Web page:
DALLAS TX - A WOMAN WHO HAD GONE WITH A MAN TO FEED A FRIEND'S PIT BULLS IN HIS HOME WAS ATTACKED BY ONE OF THE PITS FOR ABOUT HALF AN HOUR UNTIL POLICE COULD SHOOT IT OFF HER!
DALLAS - Police officers shot an aggressive dog that attacked two people in Dallas Wednesday morning.
Dallas Police Department spokesman Sr. Cpl. Tramese Jones said officers received a call around 8 a.m. about two aggressive dogs at a home in the 2900 block of Ramsey Avenue. Apparently a couple went into the home to feed A FEMALE PIT BULL AND HER PUP for a friend. For some reason the mother dog started attacking them.
The man managed to get away, but the dog continued to maul the woman for about 30 minutes.
Paramedics and police had a hard time getting in to the house to help the woman. Officers were forced to shoot the mother dog, which is not expected to survive.
"They were all up against the window and the police and ambulance was in the yard. The firemen were in the yard and they went to the window and told whoever was in there to put their hands up and come out. And they fired one time," said Ronald Williamson, a witness.
Witnesses said the badly injured woman was unconscious when paramedics pulled her from the house. She is expected to survive, but she has severe injuries that will possibly require amputation.
No one was cited after the incident because the dogs were not roaming loose. The owner had all the proper paperwork and the dogs' shots were all up to date.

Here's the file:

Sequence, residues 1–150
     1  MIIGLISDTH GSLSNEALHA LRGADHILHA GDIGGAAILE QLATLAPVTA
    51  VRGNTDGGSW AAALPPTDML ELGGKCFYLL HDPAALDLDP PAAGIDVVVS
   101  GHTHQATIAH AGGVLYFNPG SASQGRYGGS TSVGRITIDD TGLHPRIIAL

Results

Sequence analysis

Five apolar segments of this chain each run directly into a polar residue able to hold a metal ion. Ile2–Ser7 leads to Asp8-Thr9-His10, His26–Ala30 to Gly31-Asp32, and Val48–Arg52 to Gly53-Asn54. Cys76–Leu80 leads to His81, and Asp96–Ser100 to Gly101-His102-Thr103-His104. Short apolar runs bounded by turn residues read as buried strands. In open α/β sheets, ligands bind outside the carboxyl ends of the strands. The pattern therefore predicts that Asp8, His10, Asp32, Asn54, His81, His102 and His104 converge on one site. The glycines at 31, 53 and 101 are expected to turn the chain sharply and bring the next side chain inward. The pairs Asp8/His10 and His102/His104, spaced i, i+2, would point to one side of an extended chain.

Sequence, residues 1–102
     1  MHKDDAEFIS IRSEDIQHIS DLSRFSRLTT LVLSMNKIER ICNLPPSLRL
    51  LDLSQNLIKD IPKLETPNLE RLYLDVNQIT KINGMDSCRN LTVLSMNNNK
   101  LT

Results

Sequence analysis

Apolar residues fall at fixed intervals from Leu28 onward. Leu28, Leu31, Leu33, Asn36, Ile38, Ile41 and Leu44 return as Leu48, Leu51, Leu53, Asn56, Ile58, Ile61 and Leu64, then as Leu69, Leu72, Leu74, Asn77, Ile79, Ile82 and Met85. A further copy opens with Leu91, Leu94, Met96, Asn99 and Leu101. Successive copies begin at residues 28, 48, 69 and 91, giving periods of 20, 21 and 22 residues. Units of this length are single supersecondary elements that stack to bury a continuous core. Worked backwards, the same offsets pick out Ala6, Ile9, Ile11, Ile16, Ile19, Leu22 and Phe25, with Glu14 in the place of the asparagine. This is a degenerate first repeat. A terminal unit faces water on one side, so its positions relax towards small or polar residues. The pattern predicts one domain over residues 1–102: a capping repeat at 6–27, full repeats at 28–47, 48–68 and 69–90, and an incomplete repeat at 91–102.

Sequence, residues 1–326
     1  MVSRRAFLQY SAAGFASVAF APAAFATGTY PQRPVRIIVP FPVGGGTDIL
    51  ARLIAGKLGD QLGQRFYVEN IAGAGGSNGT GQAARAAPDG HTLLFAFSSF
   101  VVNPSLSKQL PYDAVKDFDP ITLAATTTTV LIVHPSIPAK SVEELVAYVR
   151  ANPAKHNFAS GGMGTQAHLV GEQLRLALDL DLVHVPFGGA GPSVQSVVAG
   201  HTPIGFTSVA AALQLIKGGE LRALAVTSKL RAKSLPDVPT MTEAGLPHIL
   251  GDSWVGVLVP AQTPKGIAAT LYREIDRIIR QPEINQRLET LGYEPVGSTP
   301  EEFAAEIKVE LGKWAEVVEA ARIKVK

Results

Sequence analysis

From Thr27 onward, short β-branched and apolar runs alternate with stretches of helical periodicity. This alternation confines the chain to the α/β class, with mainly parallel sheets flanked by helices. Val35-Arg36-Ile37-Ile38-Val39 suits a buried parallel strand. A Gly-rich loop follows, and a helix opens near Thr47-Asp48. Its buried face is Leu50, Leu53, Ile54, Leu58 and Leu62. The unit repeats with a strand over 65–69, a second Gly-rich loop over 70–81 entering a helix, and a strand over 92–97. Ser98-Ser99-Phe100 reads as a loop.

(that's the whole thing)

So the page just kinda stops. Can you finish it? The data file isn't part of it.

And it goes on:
Dallas police shot a dog Wednesday morning after it attacked two people in east Oak Cliff.
A man and woman had gone to a home in the 2900 block of Ramsey Avenue, near East Brownlee Avenue, to feed a female dog and its puppy, Senior Cpl. Tramese Jones, a police spokeswoman, told KDFW-TV (Channel 4).
The dog, A PIT BULL, began attacking the pair. The man escaped, but the woman was trapped with the dog for about half an hour.
Police who responded around 8 a.m. had to shoot the dog to get it to stop mauling the woman, Jones said. Neighbors told Channel 4 that the woman was seriously injured and had injuries that COULD REQUIRE AMPUTATION.
The dog was not expected to survive its injuries.
Police said no one has been cited because the dogs were confined at the home.
A loose-dog problem that has long plagued southern Dallas came to a head earlier this year when a pack of dogs fatally mauled 52-year-old Antoinette Brown. That attack led to big changes at Dallas Animal Services, with Deputy Police Chief Rob Sherwin assigned to lead the shelter and animal control. Last week, Sherwin was named the new police chief in Forney.
A study this summer by the Boston Consulting Group found that nearly 9,000 dogs roam the streets of largely poor southern Dallas — and the number of dog bites has increased 15 percent a year since 2013.
A city audit released this week found that Dallas' program for aggressive dogs was ineffective, with just 1.5 percent of dog bites leading to dangerous-dog affidavits. Bite victims said they wanted to avoid conflict with the dog's owner or feared retaliation.